The biggest health concerns facing all older Americans remain heart disease and cancer.
Testimony from Trump’s physician suggests that he does not suffer from either of these conditions. There are other illnesses and medical problems that could befall him while he’s in office, but given the incredible technological advances in medicine, Trump’s medical team has the ability to react quickly and effectively, whether it be to bronchitis or back pain or worse.
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Since Reagan, our presidents seem to have been relatively healthy, based on what we’ve learned mostly after they’ve left office. George H.W. Bush suffered from a thyroid condition (Graves’ disease) and a brief associated arrhythmia (atrial fibrillation) while president, but was otherwise vigorous. Bill Clinton famously loved fast food and didn’t keep his cholesterol under control, but didn’t develop his heart problems until later. George W. Bush is an amazing athlete who jogged regularly in his first term and rode mountain bikes during his second, after developing knee problems. He was in great health while president, despite a famous incident where he choked on a pretzel while watching a football game and briefly passed out. Barack Obama reportedly stopped smoking before becoming president, has remained thin, and has also exercised.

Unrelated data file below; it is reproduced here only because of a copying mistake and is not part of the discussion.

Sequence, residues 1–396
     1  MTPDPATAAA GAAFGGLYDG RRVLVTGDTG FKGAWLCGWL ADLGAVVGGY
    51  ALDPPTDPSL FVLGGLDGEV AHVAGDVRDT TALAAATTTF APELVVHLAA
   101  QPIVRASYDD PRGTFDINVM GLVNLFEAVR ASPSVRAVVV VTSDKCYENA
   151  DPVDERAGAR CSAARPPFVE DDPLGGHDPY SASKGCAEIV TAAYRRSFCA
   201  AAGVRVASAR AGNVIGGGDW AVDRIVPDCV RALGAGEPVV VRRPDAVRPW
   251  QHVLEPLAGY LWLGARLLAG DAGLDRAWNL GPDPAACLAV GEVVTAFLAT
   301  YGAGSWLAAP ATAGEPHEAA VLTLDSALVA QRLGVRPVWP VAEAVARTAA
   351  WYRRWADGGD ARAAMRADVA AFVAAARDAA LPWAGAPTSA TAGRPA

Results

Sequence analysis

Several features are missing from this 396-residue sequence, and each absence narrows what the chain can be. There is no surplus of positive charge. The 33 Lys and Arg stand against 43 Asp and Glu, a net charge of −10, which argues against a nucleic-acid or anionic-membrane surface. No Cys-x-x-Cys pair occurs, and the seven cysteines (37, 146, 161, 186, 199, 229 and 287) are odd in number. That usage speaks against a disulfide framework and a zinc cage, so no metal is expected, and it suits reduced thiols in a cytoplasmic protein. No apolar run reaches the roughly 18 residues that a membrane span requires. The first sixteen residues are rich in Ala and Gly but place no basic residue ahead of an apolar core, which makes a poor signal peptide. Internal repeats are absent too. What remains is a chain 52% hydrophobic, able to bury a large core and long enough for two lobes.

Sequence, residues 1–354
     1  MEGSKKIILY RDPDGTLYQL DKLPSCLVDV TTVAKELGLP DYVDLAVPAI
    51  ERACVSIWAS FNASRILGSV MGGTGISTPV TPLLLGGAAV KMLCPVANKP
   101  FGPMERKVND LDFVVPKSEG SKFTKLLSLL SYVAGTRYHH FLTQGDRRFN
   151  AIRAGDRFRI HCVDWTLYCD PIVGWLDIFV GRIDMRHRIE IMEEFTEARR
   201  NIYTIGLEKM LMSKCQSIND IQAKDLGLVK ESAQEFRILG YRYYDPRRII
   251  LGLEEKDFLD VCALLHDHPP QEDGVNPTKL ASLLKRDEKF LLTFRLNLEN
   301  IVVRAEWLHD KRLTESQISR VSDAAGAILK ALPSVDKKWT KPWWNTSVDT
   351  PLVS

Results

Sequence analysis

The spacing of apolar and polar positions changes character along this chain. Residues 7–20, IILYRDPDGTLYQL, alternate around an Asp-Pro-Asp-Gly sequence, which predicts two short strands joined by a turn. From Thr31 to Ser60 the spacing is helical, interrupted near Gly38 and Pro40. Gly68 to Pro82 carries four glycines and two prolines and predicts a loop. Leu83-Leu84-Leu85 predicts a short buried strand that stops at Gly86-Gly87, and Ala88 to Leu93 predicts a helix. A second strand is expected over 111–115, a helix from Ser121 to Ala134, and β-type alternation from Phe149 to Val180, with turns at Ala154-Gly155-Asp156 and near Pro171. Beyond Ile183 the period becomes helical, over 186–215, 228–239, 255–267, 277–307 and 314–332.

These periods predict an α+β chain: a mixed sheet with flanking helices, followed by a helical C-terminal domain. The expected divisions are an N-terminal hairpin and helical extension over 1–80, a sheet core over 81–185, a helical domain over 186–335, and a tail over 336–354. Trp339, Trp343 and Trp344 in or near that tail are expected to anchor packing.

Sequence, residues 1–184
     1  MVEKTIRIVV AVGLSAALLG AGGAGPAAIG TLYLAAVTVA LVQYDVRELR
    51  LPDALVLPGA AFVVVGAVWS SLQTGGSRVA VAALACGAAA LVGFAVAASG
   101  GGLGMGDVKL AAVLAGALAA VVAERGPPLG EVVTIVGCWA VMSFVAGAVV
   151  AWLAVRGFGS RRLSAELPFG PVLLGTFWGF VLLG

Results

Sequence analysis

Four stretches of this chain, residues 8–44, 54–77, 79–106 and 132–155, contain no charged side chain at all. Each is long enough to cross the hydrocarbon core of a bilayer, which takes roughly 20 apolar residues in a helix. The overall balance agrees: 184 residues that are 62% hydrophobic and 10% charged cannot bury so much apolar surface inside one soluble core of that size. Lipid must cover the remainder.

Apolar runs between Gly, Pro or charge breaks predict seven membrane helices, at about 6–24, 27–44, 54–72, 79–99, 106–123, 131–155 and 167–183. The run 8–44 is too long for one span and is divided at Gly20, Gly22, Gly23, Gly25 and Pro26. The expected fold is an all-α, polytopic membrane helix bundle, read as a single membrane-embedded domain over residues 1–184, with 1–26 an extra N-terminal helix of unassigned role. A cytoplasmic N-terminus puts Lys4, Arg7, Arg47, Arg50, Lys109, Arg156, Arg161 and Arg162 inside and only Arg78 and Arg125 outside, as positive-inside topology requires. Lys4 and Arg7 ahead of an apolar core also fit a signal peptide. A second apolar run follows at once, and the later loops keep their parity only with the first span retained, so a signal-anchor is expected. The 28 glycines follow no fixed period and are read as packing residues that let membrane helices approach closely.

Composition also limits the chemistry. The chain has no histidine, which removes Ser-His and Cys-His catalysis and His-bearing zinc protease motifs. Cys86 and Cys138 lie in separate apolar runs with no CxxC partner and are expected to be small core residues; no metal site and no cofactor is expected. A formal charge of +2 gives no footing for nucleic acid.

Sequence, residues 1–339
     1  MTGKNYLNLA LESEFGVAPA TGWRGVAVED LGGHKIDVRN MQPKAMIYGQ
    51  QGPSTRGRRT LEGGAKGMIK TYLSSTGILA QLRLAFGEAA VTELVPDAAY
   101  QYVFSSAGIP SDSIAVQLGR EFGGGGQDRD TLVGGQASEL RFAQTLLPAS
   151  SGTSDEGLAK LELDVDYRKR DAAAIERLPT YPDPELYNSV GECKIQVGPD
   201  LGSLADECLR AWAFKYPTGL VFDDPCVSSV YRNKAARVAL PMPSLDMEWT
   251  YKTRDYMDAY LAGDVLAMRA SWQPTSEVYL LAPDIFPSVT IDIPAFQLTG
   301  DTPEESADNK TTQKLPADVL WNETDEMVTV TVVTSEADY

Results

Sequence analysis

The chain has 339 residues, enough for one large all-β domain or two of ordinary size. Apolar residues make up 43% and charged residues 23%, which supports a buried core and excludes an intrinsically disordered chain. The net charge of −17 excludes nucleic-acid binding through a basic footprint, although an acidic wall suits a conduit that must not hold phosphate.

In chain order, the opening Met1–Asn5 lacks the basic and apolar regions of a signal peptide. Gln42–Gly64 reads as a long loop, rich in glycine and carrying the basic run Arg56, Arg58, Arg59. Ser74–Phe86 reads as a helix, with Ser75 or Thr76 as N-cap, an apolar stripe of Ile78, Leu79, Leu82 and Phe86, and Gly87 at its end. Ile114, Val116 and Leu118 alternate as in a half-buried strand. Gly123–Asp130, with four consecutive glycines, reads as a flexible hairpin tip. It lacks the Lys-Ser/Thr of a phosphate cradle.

There is a long history of camouflaging presidential health issues. In March 1981, President Ronald Reagan, then 70, was shot and lost nearly 50 percent of his blood volume before reaching George Washington University Hospital. Dr. Joseph Giordano, head of the trauma team there, utilized new techniques developed during the Vietnam War to save the president and remove an exploding bullet that just missed his heart.
Since Reagan, our presidents seem to have been relatively healthy, based on what we’ve learned mostly after they’ve left office.
He had had a heart attack. Baier writes: